IBJOpinion

Union backer has vested interest

January 22, 2011
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IBJ Letters To The Editor

The reason [Teresa] Meredith is so gung-ho regarding her union stance is she has so much to lose: 18 years into her profession, vice president of the Indiana State Teachers Association, her pension and benefits.

Meredith’s 10-point outline clearly focused on the real agenda. I counted her words and how she used them to convey her interests regarding teachers and their pay compensation/benefits. It defines why the children are “left behind.”

• Compensation, resources, pay, benefits, contract, benefits, negotiations, grievances, allowances, bargaining and compensation—11 mentions [combined].

• Teachers—9 mentions.

• Students—6 mentions.

This should make David Letterman’s  “top 3” “What is important under collective bargaining”:

• Money is mentioned nearly twice as much as the children.

• Teachers run a close second.

• Students rank last in this self-serving agenda.

How can Meredith honestly sell the notion “the students” will achieve more under the big hand of a union, when her outline focuses mainly on money and teachers?

Can Teresa explain why there has been and still is such a deluge of private schools (not unionized) over the past decades doing so well with academics? Conversely, public (government-run) education continues to decline, with alarming statistics, while sucking taxpayers dry and still needing more money.

Enough is enough. After 38 years of unionization of the school system, if they don’t have it together by now, it should cease to exist and we should not look back.

Hats off to the former lieutenant governor, president of Lilly Endowment and PSI Energy, who was quoted, “My vote for collective bargaining rights for teachers was a big mistake … a whopper.” Thanks to John Mutz for the integrity it took to admit this mistake. I think it would behoove Meredith to make a phone call to Mutz.

Kirby South
 

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  • Teachers want compensation like you-its life.
    When you go in for your annual review do you spend the time encouraging your boss to spend money on improving the company or are you interested in at least keeping up with inflation and getting a raise? Educators as a whole are one of the most educated groups of professionals that deal with a lot of very adverse conditions and make quick decisions on a "minutely" basis, not hourly. Its time their compensation reflects that. I've seen first hand how teachers motivate all kinds of students. Believe me, normally the struggling student is accompanied by "extra" struggles outside of school and little support at home. Our educators do a marvelous job when given their due and the needed resources.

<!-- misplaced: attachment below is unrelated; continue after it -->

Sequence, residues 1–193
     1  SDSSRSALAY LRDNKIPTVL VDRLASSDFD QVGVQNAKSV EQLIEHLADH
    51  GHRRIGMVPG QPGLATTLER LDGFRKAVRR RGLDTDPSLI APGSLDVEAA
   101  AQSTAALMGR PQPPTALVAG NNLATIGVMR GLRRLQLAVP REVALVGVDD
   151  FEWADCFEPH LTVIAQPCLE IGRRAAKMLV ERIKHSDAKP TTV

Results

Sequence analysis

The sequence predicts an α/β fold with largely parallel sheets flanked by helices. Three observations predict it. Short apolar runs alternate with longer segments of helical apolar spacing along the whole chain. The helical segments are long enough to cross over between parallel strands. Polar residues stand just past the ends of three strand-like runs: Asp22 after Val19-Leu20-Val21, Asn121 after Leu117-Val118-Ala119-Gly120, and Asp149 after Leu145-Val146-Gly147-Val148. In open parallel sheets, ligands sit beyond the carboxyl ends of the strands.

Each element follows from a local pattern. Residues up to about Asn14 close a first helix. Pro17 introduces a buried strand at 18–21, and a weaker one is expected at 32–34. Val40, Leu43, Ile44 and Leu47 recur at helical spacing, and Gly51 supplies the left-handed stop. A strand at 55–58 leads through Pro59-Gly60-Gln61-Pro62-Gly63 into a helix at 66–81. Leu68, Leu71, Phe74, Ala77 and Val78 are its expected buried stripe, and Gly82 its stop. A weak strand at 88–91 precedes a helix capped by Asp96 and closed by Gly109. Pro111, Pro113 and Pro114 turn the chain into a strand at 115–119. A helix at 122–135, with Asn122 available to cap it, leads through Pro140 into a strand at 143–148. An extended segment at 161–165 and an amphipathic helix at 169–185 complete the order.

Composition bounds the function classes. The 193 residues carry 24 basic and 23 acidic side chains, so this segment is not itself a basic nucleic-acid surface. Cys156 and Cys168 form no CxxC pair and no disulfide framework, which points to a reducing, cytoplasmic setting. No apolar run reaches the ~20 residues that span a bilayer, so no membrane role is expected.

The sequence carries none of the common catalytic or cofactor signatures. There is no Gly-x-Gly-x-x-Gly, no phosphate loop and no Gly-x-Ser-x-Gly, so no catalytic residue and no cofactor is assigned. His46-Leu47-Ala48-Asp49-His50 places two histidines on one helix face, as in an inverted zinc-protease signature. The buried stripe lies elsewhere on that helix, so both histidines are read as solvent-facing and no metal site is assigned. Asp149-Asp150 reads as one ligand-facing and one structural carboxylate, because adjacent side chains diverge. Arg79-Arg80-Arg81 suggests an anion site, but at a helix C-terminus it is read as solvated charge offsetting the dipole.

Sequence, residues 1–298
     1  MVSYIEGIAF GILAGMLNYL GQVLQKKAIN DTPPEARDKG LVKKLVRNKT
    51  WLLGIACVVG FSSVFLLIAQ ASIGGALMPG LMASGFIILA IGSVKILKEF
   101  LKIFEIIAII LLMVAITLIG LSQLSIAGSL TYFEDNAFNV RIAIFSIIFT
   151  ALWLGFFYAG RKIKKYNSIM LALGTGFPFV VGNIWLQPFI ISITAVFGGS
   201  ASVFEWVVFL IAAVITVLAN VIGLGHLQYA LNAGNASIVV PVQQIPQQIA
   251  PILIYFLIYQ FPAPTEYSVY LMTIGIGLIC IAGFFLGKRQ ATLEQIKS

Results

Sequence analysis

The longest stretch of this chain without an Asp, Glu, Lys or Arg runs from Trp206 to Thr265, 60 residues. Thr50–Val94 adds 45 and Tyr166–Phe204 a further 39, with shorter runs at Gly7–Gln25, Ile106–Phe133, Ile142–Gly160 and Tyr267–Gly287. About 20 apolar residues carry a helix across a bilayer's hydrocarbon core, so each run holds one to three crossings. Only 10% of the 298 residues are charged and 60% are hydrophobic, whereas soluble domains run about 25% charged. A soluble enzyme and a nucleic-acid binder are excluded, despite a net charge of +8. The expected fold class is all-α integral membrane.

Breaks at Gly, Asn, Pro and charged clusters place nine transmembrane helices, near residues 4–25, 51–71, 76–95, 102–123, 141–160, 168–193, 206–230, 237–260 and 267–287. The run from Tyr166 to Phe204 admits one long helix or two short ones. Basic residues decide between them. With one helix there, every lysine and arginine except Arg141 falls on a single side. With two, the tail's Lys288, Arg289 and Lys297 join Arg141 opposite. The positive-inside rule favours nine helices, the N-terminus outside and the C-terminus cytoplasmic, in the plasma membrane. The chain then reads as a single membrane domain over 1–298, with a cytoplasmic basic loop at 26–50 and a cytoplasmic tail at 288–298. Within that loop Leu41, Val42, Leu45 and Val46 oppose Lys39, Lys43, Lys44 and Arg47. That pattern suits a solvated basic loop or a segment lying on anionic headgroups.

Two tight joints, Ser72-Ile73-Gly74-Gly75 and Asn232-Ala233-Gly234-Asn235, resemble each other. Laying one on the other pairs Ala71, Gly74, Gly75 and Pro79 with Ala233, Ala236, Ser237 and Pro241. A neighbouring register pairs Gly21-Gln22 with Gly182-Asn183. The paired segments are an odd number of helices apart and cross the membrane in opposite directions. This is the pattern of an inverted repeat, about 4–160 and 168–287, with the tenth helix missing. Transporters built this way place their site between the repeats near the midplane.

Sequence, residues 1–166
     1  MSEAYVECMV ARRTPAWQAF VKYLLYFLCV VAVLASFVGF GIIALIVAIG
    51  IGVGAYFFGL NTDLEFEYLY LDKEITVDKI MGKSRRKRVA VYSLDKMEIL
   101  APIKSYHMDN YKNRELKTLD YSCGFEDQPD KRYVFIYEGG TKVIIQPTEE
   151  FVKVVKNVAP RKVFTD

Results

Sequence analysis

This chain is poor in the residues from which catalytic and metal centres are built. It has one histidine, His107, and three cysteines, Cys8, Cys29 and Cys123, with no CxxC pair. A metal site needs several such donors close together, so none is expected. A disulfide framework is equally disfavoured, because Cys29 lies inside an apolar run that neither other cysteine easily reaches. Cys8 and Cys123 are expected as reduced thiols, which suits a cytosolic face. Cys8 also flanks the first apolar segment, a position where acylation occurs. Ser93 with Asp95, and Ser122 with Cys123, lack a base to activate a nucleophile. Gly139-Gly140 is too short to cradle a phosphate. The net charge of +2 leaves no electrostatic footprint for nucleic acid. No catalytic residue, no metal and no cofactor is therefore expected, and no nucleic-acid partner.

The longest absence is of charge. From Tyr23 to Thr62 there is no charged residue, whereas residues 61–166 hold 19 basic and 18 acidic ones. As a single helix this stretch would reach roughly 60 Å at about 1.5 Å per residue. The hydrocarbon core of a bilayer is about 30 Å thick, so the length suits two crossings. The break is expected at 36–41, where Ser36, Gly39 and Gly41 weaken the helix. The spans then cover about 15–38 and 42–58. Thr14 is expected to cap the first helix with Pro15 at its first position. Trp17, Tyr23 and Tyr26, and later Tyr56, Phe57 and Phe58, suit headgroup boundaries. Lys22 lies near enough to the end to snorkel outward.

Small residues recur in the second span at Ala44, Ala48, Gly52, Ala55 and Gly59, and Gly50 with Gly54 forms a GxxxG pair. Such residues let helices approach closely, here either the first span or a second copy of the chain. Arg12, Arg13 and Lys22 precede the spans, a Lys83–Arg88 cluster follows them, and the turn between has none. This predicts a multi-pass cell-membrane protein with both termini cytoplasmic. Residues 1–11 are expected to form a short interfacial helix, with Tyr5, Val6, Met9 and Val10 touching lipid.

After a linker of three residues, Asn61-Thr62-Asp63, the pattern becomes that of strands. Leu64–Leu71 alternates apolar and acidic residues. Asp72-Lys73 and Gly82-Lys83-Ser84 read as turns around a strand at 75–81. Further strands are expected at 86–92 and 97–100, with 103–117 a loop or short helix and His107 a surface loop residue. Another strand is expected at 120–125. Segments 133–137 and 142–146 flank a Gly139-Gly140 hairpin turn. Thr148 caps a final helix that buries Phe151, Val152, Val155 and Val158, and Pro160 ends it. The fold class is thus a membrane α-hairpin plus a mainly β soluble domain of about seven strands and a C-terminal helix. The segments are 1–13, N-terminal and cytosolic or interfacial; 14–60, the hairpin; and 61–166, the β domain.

• It works both ways
    Regarding Kirby South's letter blasting Teresa Merfedith for defending collective bargaining, I think he misses the point. But that aside, if you replaced Teresa's name with the name Gov. Daniels, and replaced her letter and comments with his "Putting Students First" agenda, you would find a strong correlation regarding one fact---the governor's agenda simply doen't mention students very much. However, he does mention spending cuts, saving money, cost, etc. lots of times. Quite simply, for the governor students are way down the list of his priorities.

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  1. John, unfortunately CTRWD wants to put the tank(s) right next to a nature preserve and at the southern entrance to Carmel off of Keystone. Not exactly the kind of message you want to send to residents and visitors (come see our tanks as you enter our city and we build stuff in nature preserves...

  2. 85 feet for an ambitious project? I could shoot ej*culate farther than that.

  3. I tried, can't take it anymore. Untill Katz is replaced I can't listen anymore.

  4. Perhaps, but they've had a very active program to reduce rainwater/sump pump inflows for a number of years. But you are correct that controlling these peak flows will require spending more money - surge tanks, lines or removing storm water inflow at the source.

  5. All sewage goes to the Carmel treatment plant on the White River at 96th St. Rainfall should not affect sewage flows, but somehow it does - and the increased rate is more than the plant can handle a few times each year. One big source is typically homeowners who have their sump pumps connect into the sanitary sewer line rather than to the storm sewer line or yard. So we (Carmel and Clay Twp) need someway to hold the excess flow for a few days until the plant can process this material. Carmel wants the surge tank located at the treatment plant but than means an expensive underground line has to be installed through residential areas while CTRWD wants the surge tank located further 'upstream' from the treatment plant which costs less. Either solution works from an environmental control perspective. The less expensive solution means some people would likely have an unsightly tank near them. Carmel wants the more expensive solution - surprise!

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